Waterproofing Efforts in the Basement and Crawl Space May Help Combat Against the Entry of Radon

January Radon Action Month

This has been quite the unusual winter throughout much of the United States. Average temperatures throughout the Midwest and East Coast have hovered significantly above average. In the Chicagoland area, for example, Christmas Day reached a high of 57 degrees. While you will be pressed to find anyone complaining about this unusual weather, we do have a couple of months of winter ahead still, leaving ample time for temperatures to drop.

Whether the temperatures are cold or mild, one concern that we all should be mindful of is the air quality inside our homes. While our primary concern at Emecole Metro revolves around keeping water and moisture out of basements and crawl spaces, many of our products also are involved in the improvement of air quality by minimizing the entry of moisture and soil gases, including radon. This all ties together because at least 50 percent of air quality circulating throughout the home originates from the basement or crawl space. Creating a dry and healthy environment below-grade is essential to maintaining healthy air quality throughout the rest of the home.

The threat of radon is serious enough that the Environmental Protection Agency has declared January as Radon Action Month.

By definition, radon is a colorless, odorless and tasteless gas that produces naturally in the soil. It becomes a serious problem once it enters the home, which it can do via cracks in the foundation or the floor, an unsealed sump pit cover or within unconditioned crawl spaces.  According to EPA estimates, radon is the number one cause of lung cancer for non-smokers (averaging 2,900 deaths per year), while overall is the second leading cause of lung cancer when including smokers (averaging 21,000 deaths per year).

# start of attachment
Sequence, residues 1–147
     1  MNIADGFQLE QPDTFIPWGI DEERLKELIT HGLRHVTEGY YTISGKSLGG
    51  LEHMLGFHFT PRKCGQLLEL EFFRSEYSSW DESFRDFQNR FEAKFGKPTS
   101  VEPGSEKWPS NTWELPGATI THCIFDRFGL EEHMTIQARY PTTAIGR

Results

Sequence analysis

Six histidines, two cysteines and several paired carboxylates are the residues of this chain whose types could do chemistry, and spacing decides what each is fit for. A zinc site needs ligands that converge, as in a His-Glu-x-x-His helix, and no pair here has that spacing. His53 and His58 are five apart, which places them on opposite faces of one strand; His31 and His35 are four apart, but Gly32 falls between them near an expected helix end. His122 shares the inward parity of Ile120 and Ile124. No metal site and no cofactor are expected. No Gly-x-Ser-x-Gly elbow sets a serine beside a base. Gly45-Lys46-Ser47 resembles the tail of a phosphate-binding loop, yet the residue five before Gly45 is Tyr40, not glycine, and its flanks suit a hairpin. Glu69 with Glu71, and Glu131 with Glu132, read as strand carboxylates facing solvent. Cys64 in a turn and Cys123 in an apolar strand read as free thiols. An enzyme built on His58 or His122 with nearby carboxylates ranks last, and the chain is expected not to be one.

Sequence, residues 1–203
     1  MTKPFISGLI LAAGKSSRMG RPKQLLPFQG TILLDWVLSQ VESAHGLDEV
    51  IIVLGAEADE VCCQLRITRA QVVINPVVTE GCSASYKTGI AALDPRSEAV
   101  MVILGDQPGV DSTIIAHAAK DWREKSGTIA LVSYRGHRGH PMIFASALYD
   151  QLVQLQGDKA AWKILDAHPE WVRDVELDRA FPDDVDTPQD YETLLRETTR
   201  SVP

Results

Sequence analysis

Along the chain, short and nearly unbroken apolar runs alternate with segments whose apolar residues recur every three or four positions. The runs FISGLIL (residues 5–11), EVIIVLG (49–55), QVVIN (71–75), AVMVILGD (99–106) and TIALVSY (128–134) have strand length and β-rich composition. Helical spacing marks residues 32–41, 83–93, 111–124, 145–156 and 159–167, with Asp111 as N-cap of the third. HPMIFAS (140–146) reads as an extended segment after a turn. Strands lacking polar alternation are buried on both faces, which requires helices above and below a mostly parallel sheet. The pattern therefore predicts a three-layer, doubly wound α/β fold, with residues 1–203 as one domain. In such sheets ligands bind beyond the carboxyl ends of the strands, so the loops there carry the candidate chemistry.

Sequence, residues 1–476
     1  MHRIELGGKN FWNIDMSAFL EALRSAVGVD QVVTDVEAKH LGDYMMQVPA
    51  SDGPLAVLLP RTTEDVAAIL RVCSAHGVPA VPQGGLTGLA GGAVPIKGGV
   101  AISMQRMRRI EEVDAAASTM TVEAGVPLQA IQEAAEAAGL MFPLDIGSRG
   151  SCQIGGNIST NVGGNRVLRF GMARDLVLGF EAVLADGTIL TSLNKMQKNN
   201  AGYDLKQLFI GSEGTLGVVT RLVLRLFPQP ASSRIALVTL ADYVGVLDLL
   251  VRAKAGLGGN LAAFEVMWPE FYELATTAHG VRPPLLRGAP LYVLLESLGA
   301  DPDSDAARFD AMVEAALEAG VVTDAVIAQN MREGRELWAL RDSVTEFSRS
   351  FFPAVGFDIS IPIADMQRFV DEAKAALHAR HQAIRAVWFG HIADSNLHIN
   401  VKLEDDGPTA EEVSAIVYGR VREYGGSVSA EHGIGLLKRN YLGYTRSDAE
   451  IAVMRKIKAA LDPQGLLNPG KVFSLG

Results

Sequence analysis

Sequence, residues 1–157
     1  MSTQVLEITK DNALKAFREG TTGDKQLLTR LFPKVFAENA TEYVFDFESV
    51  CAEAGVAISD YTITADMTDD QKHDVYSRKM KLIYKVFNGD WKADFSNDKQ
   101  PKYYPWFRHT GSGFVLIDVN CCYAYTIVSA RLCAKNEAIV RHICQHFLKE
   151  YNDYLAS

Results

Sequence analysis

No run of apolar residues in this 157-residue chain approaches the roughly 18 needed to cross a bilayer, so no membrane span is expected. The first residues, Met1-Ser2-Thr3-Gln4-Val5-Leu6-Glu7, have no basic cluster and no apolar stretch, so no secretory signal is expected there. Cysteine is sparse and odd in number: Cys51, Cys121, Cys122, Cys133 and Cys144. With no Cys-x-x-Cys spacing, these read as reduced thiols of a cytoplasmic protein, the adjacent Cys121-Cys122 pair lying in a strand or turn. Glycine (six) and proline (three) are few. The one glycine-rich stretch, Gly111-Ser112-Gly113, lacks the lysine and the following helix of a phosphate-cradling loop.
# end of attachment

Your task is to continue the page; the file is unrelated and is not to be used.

The EPA encourages homeowners to test their home for radon. The EPA website includes information on how to obtain a radon test kit.

Whether a home tests positive for radon or not, homeowners are advised to consider addressing any openings throughout the basement or crawl space that provides an entry for radon. Even if the home doesn’t test positive for radon today, it doesn’t mean that it won’t become an issue down the line. Plus, many of these openings may also provide entry for water and moisture, which serve as another inhibitor towards healthy air quality.

  • Repair cracks in poured foundations. The same concept of radon not being a problem today but possibly down the line also applies to water. Just because a crack hasn’t leaked water yet doesn’t mean it won’t later. Our Foundation Crack Repair Kits include all the components necessary to fill cracks from front-to-back and bottom-to-top, providing a permanent stop gap against water and radon.  For basement floors, we also have our Slab Crack Repair Kits.
  • Consider encapsulating the crawl space. Our extensive line of vapor barriers and installation accessories help create a dry, clean and healthy crawl space environment.
  • Enhance concrete surfaces and protect against the infiltration of radon and moisture. Our basement moisture, mold and air quality products include sealers for strengthening concrete structures while minimizing the entry of radon and moisture. In addition, our all-in-one ventilation systems actively remove unhealthy air from the home.
  • Check the sump pit. Most lids are unsealed and are an obvious entry for radon. Replacing an existing lid with a sealed sump pit lid is a quick and simple fix that goes a long way.

In addition to employing the waterproofing measures above, homeowners should also seek the consultation of a radon mitigation professional, who will likely have additional measures to help protect the home.

While radon is an easy threat to put off or dismiss entirely, we now have several good reasons to take it seriously. When put into the context of maximizing the value of a home and our own individual health, it is clearly obvious that being proactive in addressing an active radon problem or a potential problem down the line will pay off big in the long run.

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